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Friday, February 19, 2010

Legislative Notes: House Says Yes to Usury, Maybe to Education, No to Guns at Work

How's the Legislature doing?

Not so good in the eyes of the Lord... or at least of a faithful servant. Father Timothy Fountain Logan unloads Proverbs 28:8 on the Senate Commerce Committee and our usury-addicted state for once again declining to rein in predatory payday lenders. Whither South Dakota values....

Not so bad on education. Yesterday the House unanimously tabled HB 1050, the Governor's proposal to change the school funding formula and give our schools zero increase in state aid in FY 2011. I learned from Gary Ellenbolt on SDPB yesterday that, in our Legislature, tabling is actually a harsher sentence than deferral to the 41st day. Deferral at least allows supporters to speak their piece; tabling does not allow debate. After six days of kicking the can, the House evidently realized the Governor's proposal was so bad it didn't even warrant discussion. Ouch.

Of course, they still have to come up with a plan of their own. If they need to save money, perhaps they should look at shortening high school to two years (Yes! shout thousands of bored sophomores).

O.K. on Second Amendment sensibility. Half of the House plus one realized they didn't have to worry about their NRA ratings over public safety yesterday with the defeat of HB 1169. Rep. Lederman spoke of the right to keep a gun in your locked car. Rep. Engels won the day with his sensible argument that some employers—like hazardous chemical manufacturers, schools, mental health facilities—may have a countervailing right to keep guns a safe distance away. This bill was another lawsuit waiting to happen, as its application to public employers would have violated the federal gun-free zones around schools. District 8's reps split, with Fargen voting aye and Lange voting nay.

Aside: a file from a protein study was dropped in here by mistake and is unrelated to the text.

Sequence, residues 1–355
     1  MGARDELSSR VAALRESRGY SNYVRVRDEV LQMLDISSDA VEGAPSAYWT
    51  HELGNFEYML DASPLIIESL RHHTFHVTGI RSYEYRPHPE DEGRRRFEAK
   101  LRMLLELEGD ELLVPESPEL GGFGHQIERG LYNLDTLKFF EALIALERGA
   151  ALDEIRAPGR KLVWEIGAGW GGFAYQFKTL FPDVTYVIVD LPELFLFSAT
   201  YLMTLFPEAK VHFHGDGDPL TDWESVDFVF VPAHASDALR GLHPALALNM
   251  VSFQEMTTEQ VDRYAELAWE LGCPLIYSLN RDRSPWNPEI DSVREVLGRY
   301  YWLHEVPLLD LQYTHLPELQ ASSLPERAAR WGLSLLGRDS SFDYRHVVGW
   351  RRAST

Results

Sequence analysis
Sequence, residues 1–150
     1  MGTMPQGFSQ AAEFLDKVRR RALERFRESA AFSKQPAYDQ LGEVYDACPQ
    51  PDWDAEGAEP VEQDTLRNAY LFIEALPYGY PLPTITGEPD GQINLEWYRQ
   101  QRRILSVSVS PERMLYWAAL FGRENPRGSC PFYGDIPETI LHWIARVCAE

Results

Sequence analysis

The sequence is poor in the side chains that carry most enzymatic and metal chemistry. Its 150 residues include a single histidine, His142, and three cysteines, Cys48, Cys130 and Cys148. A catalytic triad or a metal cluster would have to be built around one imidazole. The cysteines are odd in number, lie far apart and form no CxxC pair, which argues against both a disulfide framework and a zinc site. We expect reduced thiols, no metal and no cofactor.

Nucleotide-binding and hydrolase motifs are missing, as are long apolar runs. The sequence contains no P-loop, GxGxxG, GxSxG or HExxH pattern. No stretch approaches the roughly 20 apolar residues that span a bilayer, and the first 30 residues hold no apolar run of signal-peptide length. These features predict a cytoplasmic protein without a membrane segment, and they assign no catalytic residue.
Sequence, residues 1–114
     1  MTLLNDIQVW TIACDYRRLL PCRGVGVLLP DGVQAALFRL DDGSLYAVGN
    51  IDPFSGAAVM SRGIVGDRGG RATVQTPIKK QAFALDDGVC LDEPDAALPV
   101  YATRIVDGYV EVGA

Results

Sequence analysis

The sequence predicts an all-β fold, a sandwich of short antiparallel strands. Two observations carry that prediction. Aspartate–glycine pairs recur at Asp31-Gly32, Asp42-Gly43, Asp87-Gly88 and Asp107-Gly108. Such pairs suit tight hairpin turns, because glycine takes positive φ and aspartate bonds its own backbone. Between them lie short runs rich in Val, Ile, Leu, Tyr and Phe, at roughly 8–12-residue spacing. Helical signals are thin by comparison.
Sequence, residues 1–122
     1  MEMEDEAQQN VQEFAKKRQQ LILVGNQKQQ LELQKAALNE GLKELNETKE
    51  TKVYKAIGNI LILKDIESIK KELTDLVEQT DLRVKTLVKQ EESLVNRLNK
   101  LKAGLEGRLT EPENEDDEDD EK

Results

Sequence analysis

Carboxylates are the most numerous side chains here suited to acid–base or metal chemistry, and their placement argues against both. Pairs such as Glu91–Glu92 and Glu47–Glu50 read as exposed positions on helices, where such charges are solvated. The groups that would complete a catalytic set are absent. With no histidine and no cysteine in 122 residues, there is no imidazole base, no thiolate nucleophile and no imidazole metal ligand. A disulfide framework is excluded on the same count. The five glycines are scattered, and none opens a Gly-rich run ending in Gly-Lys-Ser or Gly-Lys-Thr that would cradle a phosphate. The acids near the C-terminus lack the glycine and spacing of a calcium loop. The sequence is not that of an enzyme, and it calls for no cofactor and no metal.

Improving, slowly but surely, on bicycles. They couldn't pass SB 70, but most of the drivers I deal with already have figured out they ought to leave three feet when they pass me on my bicycle (assuming they can pass me—zoom!). But the legislators are learning: check out the featured audio of Senator Mike Vehle on MinusCar! Senator Vehle pointed out that South Dakota state law entitles bicycles to the full lane and that SB 70 would actually have reduced the safety buffer for cyclists.

And whither the Blog Control Acts? House State Affairs has yet to set a hearing date for HB 1277 and 1278. According to the legislative calendar, these bills have to pass the full House by the end of business Tuesday to stay alive. Rep. Hamiel, you didn't forget these bills on your desk again, did you? I call one rule-suspension per bill!


  1. I support reigning in payday lenders but this bill was almost pointless. Restricting nothing but the interest rate does next to nothing in protecting people from digging themselves deeper and deeper into a hole.
    It would be better to block multiple payday loans and capping the loans at a percentage of the person's verified income. I'd even go further and enact something similar for credit card debt.

  2. tabling a zero increase in state aid during a recession for the single largest state budget item. Pathetic that the politicians can't stomach not spending money they don't have


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